John McCain is taking his lumps for the decision to make Sarah Palin his running mate. The Washington Post said its endorsement of Barack Obama was simplified by McCain’s “irresponsible selection” of Palin “who is not ready to be president.” The New York Times declared that McCain’s choice of someone “so evidently unfit for the office was a final act of opportunism and bad judgment that eclipsed the accomplishments of 26 years in Congress.” The Chicago Tribune dismissed Palin simply as “not prepared to step in at a moment’s notice” to serve as president. The Des Moines Register regretted that McCain “burdened his ticket and potentially the country with an individual utterly unqualified to ascend to the presidency.”
But why jump all over McCain for choosing Palin and ignore the part played in the decision by journalists who enthusiatically pushed the McCain camp to select Palin? An article in the Oct. 27 New Yorker by Jane Mayer, “The Insiders: How John McCain came to pick Sarah Palin,” was studded with observations like these, many of them by conservative pundits after meeting her for the first time:
“A mix between Annie Oakley and Joan of Arc;” “she’s got real star quality;” “ fantastic;” “she could be both an effective vice-presidential candidate and an effective president;” “this lady is something special. She connects. She’s genuine;” “She was striking….magnetism that comes through much more strongly when you are in the same room;” “She was exceptionally pretty;” ”a real honey.”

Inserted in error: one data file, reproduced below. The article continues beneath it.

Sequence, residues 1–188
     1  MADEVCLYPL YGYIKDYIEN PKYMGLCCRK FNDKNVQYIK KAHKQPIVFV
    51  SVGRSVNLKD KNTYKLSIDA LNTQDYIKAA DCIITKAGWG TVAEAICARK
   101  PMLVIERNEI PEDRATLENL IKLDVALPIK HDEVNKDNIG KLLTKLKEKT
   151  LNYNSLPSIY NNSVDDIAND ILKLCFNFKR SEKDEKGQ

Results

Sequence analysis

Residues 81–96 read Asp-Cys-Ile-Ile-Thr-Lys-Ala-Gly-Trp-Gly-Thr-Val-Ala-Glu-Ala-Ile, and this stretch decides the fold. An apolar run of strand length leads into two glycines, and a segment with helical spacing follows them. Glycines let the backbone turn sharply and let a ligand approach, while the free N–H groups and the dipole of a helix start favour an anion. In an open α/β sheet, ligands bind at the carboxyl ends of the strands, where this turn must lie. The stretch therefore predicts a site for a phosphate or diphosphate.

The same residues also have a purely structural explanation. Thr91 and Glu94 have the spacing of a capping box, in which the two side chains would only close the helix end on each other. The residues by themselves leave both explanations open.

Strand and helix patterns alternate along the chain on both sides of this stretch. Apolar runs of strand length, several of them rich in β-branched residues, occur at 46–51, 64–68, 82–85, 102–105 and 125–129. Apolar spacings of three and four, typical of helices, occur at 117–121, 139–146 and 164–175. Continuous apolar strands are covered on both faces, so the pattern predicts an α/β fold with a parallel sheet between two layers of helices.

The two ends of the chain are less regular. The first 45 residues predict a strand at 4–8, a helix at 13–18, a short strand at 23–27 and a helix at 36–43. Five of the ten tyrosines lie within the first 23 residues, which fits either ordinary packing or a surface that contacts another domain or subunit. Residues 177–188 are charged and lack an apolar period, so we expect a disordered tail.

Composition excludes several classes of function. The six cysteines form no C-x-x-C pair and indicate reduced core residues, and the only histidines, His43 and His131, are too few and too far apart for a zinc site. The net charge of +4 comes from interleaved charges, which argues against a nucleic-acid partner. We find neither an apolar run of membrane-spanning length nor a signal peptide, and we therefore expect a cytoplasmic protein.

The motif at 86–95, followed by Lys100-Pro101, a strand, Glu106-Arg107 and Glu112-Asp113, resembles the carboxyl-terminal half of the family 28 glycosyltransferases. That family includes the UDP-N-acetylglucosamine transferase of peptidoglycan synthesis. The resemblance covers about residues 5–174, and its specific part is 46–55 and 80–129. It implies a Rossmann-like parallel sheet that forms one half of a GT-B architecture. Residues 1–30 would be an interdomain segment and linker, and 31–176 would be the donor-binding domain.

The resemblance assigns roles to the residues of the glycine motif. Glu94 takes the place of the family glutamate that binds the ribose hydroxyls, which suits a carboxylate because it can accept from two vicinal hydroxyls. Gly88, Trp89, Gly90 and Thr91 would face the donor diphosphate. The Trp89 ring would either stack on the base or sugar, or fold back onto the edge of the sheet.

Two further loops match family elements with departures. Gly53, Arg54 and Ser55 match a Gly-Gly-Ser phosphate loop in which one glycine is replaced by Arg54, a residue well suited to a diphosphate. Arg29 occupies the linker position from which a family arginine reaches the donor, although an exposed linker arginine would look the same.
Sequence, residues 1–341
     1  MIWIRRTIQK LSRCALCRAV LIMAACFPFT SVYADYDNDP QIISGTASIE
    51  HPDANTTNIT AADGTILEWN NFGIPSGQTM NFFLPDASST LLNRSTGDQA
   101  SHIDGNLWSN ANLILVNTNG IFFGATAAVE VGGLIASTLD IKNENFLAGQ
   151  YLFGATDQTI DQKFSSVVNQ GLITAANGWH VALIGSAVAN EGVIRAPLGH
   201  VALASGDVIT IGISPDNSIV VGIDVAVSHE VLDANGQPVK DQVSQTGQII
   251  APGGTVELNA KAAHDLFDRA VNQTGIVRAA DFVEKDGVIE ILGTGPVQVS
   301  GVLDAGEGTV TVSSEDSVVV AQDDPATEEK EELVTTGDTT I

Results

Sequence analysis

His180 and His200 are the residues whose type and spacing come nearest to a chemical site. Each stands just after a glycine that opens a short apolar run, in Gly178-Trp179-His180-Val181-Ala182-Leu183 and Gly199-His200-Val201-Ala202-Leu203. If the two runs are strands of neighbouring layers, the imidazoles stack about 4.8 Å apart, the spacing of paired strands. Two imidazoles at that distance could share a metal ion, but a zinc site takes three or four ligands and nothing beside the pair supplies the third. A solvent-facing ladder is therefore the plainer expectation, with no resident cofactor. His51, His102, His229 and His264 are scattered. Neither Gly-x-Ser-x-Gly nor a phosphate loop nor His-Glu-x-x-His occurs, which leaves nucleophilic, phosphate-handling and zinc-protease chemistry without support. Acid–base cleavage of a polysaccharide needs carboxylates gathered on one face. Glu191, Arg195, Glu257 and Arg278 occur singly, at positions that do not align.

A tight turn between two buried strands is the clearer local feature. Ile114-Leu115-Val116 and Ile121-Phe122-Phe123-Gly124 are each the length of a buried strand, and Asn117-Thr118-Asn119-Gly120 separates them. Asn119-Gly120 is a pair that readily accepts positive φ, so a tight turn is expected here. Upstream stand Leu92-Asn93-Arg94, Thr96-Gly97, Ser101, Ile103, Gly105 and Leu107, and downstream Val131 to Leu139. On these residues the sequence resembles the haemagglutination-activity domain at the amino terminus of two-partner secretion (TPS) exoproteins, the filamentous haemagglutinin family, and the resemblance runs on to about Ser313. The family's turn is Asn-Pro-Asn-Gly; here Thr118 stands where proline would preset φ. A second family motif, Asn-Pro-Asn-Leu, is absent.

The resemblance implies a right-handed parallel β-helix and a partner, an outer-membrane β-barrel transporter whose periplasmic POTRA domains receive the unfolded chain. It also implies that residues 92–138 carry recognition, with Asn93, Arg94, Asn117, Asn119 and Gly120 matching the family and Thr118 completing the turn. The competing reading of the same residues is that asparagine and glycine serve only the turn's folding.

No one was more enthusiastic or pushed harder to get Palin on the ticket than William Kristol, editor of the Weekly Standard and New York Times op-ed columnist. Mayer’s piece depicted Kristol as gushing over Palin and having virtually a schoolboy crush on her. Mayer quoted him on Fox as referring to Palin as “my hearthrob” and wondering if he “can make it through the next three months without her on the ticket.”
Most striking about Mayer’s picture of how conservative journalists fell for Palin at first sight is how it was so much about style rather than substance. They were charmed by her, and then uncritically made charm and good looks proxies for qualifications for the White House. By so doing, and urging McCain to put Palin on the ticket, they did a disservice to conservatism and to McCain.
When the votes are counted, if as expected, the McCain-Palin ticket crashes, will Kristol and his right-wing cohorts own up to their part in the outcome? My guess is that their fingers will point at the economy, and it may well be the culprit. But the economy did not persuade John McCain to select a grievously under-qualified person to run with him. Kristol & Co. in the right-wing press had a big hand in that choice and they should be candid with the public about it.